“We are gathered here to remember and honour the youth who left us after the terror attack in Oslo,” the head of Sweden’s young Social Democrats (SSU) Jytte Guteland told a packed auditorium in central Stockholm.
“They were young just like us, they were politically involved just like us, they shared our values, they died young… We want the families to know their pain is shared, and that it is shared far beyond the nation’s borders,” she said.
On July 22, Anders Behring Breivik opened fire on the island of Utøya and killed 69 people, most of them teeenagers, who were attending a summer retreat run by the Norwegian Labour Party’s youth wing (AUF).
The gunman described the attack as a “cruel” but “necessary” as part of his campaign against Muslim immigration to western Europe.
“We are gathered to show our sympathy to our sister organisation AUF,” Guteland told the crowd of around 500 members between the ages of 13 and 30.
“No one should be afraid to stand up for their opinions, no one should be afraid to gather to change the world,” she said, encouraging the delegates to carry on with their political involvement.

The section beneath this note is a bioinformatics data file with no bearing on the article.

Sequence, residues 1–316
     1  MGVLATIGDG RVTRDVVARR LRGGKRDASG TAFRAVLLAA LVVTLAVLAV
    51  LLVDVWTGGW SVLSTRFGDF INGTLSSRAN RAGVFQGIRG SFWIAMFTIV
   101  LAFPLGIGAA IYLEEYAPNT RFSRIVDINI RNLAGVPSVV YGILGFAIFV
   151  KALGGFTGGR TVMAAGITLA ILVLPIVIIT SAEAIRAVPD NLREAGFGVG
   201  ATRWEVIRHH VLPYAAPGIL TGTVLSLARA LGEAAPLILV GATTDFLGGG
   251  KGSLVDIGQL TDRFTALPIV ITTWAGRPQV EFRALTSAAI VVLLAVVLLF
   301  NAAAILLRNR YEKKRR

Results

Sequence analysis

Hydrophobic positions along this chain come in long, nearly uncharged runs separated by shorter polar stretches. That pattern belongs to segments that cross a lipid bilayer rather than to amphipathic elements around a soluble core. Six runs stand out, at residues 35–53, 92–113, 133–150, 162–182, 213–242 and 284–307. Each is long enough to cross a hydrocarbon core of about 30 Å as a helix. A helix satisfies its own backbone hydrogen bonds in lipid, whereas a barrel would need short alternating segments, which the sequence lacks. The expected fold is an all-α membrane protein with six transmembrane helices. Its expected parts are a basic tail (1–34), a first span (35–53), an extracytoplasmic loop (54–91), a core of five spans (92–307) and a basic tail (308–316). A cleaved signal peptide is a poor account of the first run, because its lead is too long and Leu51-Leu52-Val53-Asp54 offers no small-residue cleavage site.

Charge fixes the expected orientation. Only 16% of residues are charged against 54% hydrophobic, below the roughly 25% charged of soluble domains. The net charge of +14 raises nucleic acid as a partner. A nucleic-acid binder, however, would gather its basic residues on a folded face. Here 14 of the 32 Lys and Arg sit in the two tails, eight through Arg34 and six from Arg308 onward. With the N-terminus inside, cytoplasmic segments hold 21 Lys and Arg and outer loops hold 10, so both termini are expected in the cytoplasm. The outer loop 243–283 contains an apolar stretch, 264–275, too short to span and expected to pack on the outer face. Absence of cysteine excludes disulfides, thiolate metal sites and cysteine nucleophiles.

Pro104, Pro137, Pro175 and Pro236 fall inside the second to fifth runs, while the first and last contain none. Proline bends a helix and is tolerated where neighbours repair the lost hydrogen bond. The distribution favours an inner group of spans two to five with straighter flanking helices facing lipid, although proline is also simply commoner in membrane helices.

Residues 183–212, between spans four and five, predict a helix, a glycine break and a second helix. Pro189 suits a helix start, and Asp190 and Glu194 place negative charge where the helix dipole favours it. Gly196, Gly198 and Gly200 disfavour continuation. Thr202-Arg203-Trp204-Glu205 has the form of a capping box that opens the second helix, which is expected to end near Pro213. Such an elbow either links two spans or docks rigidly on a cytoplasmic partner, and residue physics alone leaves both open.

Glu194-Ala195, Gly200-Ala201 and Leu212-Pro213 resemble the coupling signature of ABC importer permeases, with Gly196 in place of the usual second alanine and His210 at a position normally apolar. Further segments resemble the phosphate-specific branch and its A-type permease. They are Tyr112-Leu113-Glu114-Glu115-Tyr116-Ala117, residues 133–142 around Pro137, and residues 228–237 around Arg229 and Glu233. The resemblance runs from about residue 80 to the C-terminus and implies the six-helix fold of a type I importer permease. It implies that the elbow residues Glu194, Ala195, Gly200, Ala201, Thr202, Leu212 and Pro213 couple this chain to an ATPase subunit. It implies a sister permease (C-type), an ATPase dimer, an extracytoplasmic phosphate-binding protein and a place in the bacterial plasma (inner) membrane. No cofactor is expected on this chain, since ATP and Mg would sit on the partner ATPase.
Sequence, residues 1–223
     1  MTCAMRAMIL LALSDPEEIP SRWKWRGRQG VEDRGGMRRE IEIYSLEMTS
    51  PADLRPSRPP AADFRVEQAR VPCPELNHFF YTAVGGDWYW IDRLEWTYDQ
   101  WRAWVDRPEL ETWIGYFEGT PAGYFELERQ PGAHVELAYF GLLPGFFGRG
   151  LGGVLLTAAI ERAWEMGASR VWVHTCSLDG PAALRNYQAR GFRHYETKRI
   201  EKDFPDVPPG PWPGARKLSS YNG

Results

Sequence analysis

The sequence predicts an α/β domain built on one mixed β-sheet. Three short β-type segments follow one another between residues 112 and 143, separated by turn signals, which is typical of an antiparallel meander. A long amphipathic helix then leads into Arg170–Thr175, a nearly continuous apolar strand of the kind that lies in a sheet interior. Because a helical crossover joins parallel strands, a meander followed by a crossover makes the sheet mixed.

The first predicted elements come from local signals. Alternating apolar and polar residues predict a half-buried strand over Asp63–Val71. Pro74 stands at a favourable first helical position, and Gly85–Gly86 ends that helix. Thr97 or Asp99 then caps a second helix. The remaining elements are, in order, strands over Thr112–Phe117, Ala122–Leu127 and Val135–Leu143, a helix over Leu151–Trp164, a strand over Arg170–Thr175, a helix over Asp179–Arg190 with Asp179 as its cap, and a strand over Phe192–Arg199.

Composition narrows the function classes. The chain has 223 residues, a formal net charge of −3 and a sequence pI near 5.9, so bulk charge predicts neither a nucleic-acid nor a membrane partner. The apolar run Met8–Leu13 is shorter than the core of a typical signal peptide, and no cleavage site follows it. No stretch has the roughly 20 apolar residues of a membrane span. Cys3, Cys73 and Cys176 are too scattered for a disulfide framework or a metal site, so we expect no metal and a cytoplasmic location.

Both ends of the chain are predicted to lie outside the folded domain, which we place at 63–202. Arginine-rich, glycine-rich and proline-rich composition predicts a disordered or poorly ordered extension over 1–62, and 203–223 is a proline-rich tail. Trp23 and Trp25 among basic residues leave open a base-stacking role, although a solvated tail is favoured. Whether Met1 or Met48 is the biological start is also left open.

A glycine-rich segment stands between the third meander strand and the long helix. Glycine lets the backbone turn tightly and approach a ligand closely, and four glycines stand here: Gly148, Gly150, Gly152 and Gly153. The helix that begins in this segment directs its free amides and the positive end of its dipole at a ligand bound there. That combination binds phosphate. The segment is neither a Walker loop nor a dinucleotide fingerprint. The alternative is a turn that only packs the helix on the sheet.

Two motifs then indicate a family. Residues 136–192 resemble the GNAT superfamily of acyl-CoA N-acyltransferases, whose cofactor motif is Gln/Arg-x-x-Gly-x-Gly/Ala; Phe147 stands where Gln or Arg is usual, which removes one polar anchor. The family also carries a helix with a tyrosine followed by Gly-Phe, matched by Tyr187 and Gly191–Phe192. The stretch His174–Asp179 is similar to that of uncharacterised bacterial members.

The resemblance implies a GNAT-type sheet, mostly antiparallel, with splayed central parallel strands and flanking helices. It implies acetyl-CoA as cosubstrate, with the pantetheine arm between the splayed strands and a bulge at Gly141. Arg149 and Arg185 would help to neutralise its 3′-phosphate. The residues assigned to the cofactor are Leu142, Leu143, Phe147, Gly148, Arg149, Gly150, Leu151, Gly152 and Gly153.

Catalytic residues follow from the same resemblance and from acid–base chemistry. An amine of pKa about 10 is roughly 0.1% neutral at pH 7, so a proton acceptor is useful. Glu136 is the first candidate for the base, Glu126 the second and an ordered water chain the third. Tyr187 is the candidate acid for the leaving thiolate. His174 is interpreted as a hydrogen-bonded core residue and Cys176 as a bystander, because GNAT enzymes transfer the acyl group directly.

Her speech ended with a minute of silence.
Guteland had told AFP last week SSU was always in contact with police for large events and would not say if extra measures were taking following the massacre on Utøya.
On Tuesday, a metal detector stood at the entrance of the congress hall and security guards checked delegates’ bags. Two policemen were seen in the area.
Joel Harde, a 22-year-old student who had travelled from the southwestern city of Gothenburg for the congress, said he had not been afraid to come, and that the attacks on Utøya had strengthened his political commitment.
“I feel we can do even more to disseminate our political views, our values,” said the tall blond young man, wearing an “SSU Göteborg” t-shirt.
“It’s very emotional. A lot of us had friends who were there,” he told AFP, adding: “All of those I knew personally survived … but a lot of my friends had friends who were murdered and that is horrible.”
Harde acknowledged he fought back tears when former Social Democrat leader Mona Sahlin described her own memories of attending a Labour Party summer camp on the island where the massacre took place.
She described her 19-year-old self on Utøya, laughing and vowing a lifetime of friendship with “a blond girl with huge glasses and a dark-haired young man with beautiful eyes.”
The blond girl, she said, was Anna Lindh, who was murdered in 2003 while serving as Sweden’s foreign minister, and the dark-haired 17-year-old was Jens Stoltenberg, now Norway’s prime minister.
After Sahlin’s speech, former SSU leaders gathered on stage and lit candles.